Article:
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Despite ban in St. Louis area, appeal of vaping remains strong for minors

Ciggfreeds is a St. Louis vape shop. In St. Louis and St. Louis County, you must be 21 or older to purchase tobacco products. (Dec. 27, 2017)
Chad Davis | St. Louis Public Radio
Ciggfreeds is a St. Louis vape shop. In St. Louis and St. Louis County, you must be 21 or older to purchase tobacco products.

A year after St. Louis and St. Louis County passed legislation to raise the age of purchasing tobacco products to 21, teenagers are still possessing these products at a high rate. A 2016 report by the Centers for Disease Control and Prevention and the U.S. Food and Drug Administration shows that while the number of teenage tobacco users has declined, the number of teenagers who use electronic cigarettes is greater than those who use conventional cigarettes.

In 2016, among current tobacco product users, 47.2 percent of high school students and 42.4 percent of middle school students used tobacco products, and electronic cigarettes (e-cigarettes) were the most commonly used tobacco product among high (11.3 percent) and middle (4.3 percent) school students. Current use of any tobacco product did not change significantly during 2011–2016 among high or middle school students, although combustible tobacco product use declined.

Some experts attribute the large number of underage smokers to the variety of flavors that e-cigarettes contain.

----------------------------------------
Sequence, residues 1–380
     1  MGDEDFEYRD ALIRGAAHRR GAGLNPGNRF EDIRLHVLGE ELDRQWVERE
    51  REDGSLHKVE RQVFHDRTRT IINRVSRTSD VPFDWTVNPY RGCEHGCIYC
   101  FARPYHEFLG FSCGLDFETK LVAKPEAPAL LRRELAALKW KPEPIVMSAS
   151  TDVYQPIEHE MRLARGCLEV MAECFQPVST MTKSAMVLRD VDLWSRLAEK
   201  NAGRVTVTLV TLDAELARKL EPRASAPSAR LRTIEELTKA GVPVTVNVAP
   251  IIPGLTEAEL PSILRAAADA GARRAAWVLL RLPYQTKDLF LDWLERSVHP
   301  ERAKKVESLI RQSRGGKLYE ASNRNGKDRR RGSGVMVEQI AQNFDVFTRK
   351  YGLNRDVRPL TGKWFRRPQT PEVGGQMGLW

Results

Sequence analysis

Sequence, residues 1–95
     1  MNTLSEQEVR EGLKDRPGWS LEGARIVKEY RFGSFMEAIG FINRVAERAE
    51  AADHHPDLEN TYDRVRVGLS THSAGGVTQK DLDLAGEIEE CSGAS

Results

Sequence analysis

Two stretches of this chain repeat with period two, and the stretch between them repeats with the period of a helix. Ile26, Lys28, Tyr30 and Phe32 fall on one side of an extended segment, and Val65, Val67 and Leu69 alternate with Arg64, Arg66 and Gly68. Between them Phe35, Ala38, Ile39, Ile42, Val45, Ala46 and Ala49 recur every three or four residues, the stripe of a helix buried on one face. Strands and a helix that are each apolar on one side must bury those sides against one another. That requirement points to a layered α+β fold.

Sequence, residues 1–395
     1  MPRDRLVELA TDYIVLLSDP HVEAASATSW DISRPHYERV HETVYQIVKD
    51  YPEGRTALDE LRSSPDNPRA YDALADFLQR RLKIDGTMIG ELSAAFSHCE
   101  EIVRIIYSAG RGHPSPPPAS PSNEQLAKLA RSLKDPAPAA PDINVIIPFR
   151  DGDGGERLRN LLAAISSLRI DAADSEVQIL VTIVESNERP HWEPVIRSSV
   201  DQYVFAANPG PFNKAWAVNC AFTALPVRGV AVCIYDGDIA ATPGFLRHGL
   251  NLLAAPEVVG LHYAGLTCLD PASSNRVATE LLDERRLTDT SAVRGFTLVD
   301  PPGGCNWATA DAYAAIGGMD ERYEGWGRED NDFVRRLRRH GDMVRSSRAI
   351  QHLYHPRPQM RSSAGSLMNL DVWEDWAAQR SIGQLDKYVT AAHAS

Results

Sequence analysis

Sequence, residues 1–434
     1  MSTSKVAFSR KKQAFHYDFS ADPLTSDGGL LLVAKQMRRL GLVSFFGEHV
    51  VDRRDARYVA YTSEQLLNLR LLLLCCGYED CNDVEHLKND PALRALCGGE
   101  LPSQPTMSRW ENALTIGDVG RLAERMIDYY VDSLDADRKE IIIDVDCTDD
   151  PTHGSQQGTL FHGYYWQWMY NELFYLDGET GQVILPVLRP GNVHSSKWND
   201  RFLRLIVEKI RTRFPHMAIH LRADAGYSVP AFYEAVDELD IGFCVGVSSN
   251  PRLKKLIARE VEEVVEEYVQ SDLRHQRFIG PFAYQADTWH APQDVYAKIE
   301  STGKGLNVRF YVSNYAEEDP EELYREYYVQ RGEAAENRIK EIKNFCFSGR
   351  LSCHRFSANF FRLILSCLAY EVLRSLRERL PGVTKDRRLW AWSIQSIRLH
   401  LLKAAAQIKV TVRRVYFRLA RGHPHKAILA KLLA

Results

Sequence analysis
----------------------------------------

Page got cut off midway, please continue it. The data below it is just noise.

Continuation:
“Some of them can be like candy flavors or cereal flavors, and they have all of these big names and they’re colorful and I don’t know if that appeals to a younger audience,” said Cherice Barrera, the manager at Ciggfreeds, a St. Louis vape shop.

According to a report by the U.S. surgeon general, a correlation exists between the variety of flavors and the people who smoke them. In the 2016 report, the surgeon general found that the flavoring of electronic cigarettes is one of the top reasons why minors smoke e-cigarettes.

“There is very little data to show that these are safe products," said Dr. Bobby Shah, a pulmonologist at St. Luke’s Hospital. "They would like to argue that these products have already been considered safe when they are added to food products, but that’s in the form of an oral additive, that’s not when they are vaporized or heated up to when they could potentially become toxic."

Doctors still warn that e-cigarette use can lead to similar respiratory problems that are associated with other forms of tobacco.

Follow Chad on Twitter : @iamcdavis

Chad is a general assignment reporter at St. Louis Public Radio.